A new study suggests that chickens may have been domesticated thousands of years later than previously believed, and may have originally been regarded as exotic animals or culturally revered animals — not food. The study also suggests that rice may have played a key role in this process.
Chicken may be extremely common nowadays (in farms and other growing facilities), but they are a junglefowl species originating in Southeastern Asia. For over 2,000 years, they’ve played an important role in human society as one of the main species grown for food, but when and how this domestication started is still unclear.
Some genomic studies have suggested that chickens were domesticated some 7,000 or 8,000 (or even up to 10,000) years ago in China, Southeast Asia, or India, reaching Europe some 7,000 years ago. But many researchers weren’t convinced.
If chickens were indeed domesticated for so long, why weren’t they showing up in more archaeological sites or cultural representations? The earliest artistic mentions of chickens in Europe are found on Corinthian pottery of the 7th century BC, so “only” 3,700 years ago. In fact, much of the evidence in favor of this early domestication theory comes from a landmark study from 2020 that analyzed 863 chickens from sites all around the world. The 2020 study results suggest that all domestic chickens today originate from a single domestication event, with these original domesticated chickens interbreeding with other local species of junglefowl to form genetically distinct groups.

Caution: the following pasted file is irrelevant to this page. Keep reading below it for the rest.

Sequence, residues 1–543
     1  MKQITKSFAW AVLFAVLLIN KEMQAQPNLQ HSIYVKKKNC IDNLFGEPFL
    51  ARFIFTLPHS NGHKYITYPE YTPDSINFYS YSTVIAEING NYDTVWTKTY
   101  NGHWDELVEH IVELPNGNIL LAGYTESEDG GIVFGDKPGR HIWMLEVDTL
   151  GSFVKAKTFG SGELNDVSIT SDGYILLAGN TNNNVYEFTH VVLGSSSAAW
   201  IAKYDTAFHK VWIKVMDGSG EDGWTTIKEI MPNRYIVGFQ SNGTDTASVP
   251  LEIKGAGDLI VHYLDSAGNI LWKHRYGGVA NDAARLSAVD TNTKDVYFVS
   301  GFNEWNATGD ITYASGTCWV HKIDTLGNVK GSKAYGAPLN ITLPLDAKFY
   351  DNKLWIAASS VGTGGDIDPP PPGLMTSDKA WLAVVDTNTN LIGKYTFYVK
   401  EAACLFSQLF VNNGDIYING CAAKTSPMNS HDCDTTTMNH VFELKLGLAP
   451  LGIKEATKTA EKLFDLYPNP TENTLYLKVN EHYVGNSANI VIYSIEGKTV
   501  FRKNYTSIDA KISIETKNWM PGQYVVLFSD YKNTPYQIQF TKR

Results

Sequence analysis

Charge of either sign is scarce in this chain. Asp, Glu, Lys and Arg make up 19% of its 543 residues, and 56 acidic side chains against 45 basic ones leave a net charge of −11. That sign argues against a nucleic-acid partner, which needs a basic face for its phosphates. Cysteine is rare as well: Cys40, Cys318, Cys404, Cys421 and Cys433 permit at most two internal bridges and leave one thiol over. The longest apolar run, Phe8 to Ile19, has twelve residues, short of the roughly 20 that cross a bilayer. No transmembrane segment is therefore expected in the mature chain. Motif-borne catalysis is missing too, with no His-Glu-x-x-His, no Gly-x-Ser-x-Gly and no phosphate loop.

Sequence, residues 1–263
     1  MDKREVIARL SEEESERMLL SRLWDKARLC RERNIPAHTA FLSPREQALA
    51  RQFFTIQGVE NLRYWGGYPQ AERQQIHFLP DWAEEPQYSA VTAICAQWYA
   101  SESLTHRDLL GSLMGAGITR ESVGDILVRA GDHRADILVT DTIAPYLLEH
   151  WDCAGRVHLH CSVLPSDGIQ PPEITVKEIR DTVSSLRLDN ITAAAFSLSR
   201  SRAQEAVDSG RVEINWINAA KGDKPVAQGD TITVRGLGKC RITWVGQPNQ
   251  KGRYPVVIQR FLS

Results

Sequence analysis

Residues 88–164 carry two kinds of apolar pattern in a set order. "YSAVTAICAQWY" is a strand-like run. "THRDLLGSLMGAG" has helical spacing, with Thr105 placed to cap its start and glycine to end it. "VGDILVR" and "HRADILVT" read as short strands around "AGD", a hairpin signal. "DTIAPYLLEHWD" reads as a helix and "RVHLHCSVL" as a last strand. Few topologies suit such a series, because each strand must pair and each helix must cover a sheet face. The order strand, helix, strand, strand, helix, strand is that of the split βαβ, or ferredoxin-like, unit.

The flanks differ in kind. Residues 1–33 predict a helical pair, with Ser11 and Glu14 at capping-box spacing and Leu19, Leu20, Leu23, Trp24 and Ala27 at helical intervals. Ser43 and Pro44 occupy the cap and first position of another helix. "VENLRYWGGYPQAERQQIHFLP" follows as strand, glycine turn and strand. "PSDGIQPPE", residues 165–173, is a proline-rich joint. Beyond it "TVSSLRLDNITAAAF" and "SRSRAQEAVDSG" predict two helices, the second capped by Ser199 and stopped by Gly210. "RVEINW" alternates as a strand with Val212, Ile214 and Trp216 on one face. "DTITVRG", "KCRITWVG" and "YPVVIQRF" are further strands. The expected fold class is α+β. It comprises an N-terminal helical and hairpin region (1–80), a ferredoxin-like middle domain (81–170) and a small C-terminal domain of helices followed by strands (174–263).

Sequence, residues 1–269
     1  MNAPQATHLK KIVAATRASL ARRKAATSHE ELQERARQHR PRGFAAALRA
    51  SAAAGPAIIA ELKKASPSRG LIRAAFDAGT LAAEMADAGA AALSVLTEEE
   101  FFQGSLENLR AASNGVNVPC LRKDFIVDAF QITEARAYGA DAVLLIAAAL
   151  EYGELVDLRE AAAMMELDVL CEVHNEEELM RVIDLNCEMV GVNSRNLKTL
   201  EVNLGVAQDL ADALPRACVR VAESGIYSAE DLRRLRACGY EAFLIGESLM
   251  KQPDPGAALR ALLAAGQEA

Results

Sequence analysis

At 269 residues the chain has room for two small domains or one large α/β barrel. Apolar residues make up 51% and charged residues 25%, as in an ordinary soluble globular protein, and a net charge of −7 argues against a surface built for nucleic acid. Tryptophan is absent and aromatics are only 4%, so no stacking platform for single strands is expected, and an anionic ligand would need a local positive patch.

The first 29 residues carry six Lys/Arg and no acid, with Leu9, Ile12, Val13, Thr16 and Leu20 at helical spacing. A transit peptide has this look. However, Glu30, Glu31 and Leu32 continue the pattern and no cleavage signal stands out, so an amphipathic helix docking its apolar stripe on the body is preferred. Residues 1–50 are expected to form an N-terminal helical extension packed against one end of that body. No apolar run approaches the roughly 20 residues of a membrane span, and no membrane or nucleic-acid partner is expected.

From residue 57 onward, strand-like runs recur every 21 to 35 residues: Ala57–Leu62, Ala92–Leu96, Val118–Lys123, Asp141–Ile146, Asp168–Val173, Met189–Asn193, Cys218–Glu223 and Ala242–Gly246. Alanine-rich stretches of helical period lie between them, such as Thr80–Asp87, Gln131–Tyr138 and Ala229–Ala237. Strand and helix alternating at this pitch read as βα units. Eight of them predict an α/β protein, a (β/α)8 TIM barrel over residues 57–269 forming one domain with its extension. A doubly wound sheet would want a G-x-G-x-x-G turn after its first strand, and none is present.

But two studies published recently in the journals Antiquity and The Proceedings of the National Academy of Sciences paint a different image. Using radiocarbon dating, researchers found that 23 chicken bones from 16 sites in Eurasia and Africa were more recent than previously thought — in some cases, by a few thousand years. These bones had apparently sunk into deeper sediment layers and reached layers containing items made by earlier human cultures. The oldest bones that researchers could definitely attribute to domestic chicken were found at Neolithic Ban Non Wat in central Thailand, and date to between 1,650 and 1,250 BC — far later than previously proposed.
“This is the first time that radiocarbon dating has been used on this scale to determine the significance of chickens in early societies. Our results demonstrate the need to directly date proposed early specimens, as this allows us the clearest picture yet of our early interactions with chickens,” Dr. Julia Best, from Cardiff University one of the study authors, explained.
While one study focused on this dating, the other organized a comprehensive reevaluation of chicken bones found in archaeological sites. The researchers found that dry rice farming was a “magnet” that drew the then-wild chicken, laying the foundation for a closer relationship between humans and the junglefowl that would eventually become chickens. As rice cultivation dispersed, so too did domesticated chickens.